Saturday, January 21, 2023

Foo-tography: The 6th Street Bridge


Hawk perched on a street light.

If you've been following me on social media, then you've seen that in the last two years or so, I picked up film photography again. The first time I picked up a film camera as an adult was in 2009 when I took a film class at East LA College. It fulfilled a requirement for my associate's degree in journalism, but I was also excited to learn how to compose and develop my own film and prints. I loved that class and the time I spent walking around with a camera, completing assignments, and learning about photography in general. For sure that class laid out the foundation for learning some of the basics and instilling a deeper appreciation for photography, both film and digital. 

So now all these years later, I can say that I am a better photographer than I was back then, but I know there is still plenty of room to continue growing and exploring what is possible and to continue developing my own style. So since I'm in this funny loop of taking pics on film, but then getting them developed and scanned so I can post them on my social media, I got to thinking about other places I can both share my pics, but also provide commentary. Then I remembered I have a blog! So I thought to myself, why not throw them up there. It'll give me another opportunity to reflect on the pics I've taken, but also an opportunity to stretch my writing muscles outside of work. With all that being said, lemme share with you what I think about these pics of the 6th street bridge. 


The pics you're seeing here were shot on an expired roll of fuji film that I was given by Joseph of Film Scouts. They hooked it up with the roll last year when I bought a camera from them. Funny enough, I first met them when they had a table at the Torrence flea market, which is where I found the Canon Rebel that I used to take the pics on a 50 mm lens. The batteries for the camera ended up costing more than what I paid for it. Fun fact, this Canon was known as the Kiss in Japan. 

It took me a minute to get used to and appreciate the fade of the expired film. The combination of graininess and daylight appears to me like a reddish, purple hue. Like you know this is film and not digital. It has been a few months now since the bridge officially opened for public use and everyone had their fun on it. Like so many other people, now it has just become another spot to go take walks on in the neighborhood. The day I was taking these pics I was by myself, but most of the time I'm walking with a homie or two, chopping it up. I didn't go on walks along the old bridge like I am this new one, it would usually be with a purpose that you'd walk across it. So it has been interesting how much things have changed in that industrial area around and underneath the bridge.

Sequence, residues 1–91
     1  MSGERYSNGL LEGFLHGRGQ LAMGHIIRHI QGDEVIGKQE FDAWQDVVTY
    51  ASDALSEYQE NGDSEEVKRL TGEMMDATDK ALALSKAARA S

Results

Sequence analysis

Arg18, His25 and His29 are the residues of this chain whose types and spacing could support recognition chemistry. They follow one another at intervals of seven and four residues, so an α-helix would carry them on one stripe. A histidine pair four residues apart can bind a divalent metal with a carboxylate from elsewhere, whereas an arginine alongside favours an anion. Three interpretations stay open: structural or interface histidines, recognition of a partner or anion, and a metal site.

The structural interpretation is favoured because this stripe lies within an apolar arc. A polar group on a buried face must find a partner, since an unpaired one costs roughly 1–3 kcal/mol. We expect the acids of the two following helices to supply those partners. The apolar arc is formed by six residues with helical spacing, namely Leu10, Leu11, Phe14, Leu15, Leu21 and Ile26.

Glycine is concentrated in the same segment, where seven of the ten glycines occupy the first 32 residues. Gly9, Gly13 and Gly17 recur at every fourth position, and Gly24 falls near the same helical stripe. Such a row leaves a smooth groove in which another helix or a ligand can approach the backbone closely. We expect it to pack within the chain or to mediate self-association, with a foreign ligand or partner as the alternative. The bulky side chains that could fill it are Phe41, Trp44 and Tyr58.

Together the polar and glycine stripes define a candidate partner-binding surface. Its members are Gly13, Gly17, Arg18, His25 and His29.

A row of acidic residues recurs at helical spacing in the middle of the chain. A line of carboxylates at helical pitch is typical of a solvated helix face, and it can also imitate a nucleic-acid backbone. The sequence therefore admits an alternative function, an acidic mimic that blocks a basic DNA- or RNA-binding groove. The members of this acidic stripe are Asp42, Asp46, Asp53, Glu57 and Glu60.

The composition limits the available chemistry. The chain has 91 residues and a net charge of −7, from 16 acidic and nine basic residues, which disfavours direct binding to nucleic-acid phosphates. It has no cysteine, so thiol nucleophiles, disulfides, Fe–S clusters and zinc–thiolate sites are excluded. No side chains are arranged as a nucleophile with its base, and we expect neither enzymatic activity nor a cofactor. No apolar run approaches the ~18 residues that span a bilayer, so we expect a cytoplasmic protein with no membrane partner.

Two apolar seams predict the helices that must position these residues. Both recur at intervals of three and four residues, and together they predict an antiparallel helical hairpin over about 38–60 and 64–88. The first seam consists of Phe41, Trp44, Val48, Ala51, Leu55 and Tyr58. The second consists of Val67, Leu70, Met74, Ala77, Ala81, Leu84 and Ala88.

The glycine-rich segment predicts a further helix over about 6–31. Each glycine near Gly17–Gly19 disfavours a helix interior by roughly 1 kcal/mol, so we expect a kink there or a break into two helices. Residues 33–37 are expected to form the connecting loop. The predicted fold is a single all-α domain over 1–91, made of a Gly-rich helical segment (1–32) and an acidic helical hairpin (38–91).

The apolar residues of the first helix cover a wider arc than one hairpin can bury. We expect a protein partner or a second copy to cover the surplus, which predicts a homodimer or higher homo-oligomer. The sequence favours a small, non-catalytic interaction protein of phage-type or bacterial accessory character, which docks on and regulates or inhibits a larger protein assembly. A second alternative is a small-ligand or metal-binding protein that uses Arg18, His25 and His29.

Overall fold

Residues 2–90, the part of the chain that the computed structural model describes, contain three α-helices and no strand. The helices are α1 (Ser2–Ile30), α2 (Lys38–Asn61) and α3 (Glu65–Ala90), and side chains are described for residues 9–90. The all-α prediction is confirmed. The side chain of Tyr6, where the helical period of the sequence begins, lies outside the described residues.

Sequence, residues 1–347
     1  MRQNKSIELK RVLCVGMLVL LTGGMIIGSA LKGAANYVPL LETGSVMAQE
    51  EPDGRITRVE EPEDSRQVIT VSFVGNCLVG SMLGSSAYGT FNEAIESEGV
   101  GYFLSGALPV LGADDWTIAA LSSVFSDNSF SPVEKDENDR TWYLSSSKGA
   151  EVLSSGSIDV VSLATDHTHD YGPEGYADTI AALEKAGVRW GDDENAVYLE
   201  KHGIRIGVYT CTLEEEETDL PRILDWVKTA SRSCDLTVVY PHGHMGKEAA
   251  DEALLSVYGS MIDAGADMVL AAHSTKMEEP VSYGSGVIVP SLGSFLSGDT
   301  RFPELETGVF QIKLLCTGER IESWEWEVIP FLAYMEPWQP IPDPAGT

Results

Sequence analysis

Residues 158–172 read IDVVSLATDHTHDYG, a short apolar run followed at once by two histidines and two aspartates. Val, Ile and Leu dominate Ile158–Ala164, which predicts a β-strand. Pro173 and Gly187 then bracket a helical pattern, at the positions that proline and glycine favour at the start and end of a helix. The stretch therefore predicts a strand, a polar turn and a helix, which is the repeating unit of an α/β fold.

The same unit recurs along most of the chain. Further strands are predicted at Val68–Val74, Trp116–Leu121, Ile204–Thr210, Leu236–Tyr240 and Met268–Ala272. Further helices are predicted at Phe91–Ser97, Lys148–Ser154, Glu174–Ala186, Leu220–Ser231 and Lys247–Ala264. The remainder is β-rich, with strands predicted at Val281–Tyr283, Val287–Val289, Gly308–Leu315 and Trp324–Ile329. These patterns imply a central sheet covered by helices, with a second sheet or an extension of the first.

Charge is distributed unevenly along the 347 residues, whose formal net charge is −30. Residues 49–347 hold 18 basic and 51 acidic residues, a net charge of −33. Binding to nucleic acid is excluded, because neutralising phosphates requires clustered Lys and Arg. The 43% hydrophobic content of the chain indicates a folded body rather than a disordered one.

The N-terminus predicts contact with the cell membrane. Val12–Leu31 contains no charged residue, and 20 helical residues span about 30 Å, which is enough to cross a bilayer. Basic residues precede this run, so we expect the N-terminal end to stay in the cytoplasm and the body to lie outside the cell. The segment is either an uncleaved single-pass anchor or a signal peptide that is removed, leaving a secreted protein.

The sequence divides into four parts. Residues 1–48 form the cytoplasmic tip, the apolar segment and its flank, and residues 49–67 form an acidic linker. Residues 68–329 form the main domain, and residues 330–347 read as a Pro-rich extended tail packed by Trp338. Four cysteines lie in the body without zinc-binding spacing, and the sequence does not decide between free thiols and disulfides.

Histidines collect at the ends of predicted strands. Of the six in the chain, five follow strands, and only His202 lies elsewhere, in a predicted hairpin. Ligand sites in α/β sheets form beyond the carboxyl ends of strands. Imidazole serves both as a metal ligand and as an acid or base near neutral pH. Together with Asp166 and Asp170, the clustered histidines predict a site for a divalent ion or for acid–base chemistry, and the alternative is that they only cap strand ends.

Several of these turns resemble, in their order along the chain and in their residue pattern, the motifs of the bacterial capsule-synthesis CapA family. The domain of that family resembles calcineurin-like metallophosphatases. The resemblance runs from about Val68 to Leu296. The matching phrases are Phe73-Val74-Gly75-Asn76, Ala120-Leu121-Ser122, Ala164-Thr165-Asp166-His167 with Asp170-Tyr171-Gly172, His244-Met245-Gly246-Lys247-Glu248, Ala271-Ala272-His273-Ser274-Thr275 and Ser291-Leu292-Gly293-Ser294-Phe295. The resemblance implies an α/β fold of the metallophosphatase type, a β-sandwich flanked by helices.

Art galleries, movie/tv studios, and a few random offices/studios make up most of what's underneath and around the bridge. Most got those spaces years ago when things were cheaper, almost in a wave they all realized that they could have access to more space and cheaper rent/cost when compared to having space in the Westside, Culver City. For sure it's what drew some of the galleries with connections to N.Y. For the better part, you wouldn't notice it but now they have taken over so much space that it's hard not to notice them filming or moving equipment around. 

It's fun to people-watch and walk along the spiral walkway that connects you to the other side of the bridge or takes you all the way down to street level. It's just as fun to do it on your bike as well. The vibe will for sure improve once the park underneath is finished, till then be careful down there. When the trains are idling nearby, the exhaust gets hot-boxed under the bridge and it fucking sucks to be breathing that kind of toxic air. 

Like in many other parts of Boyle heights, shh don't tell the hipsters, you can catch some dope views of Downtown and the mountains. 

So if you're facing West, you'll notice the trees and grass along the bridge. There's a fence separating the spaces, but you can easily jump over it and walk around. If you're around an hour before sunset, you'll see other photogs on the hill, grabbing sweet pics of the bridge with downtown in the background. Definitely recommend getting your own pics at that spot. Anyway, before the rains hit there were a few houseless folks living there and I hesitated walking around over there cause I didn't want to intrude in their space, but since they left with the rainfall, I walked around for a bit and snapped some pics. If you follow the path you can walk onto the 10 freeway. 

That's it for this set of pics from the bridge. For sure I will be taking more pics there in the future and going on walks. If you see me, say waddup.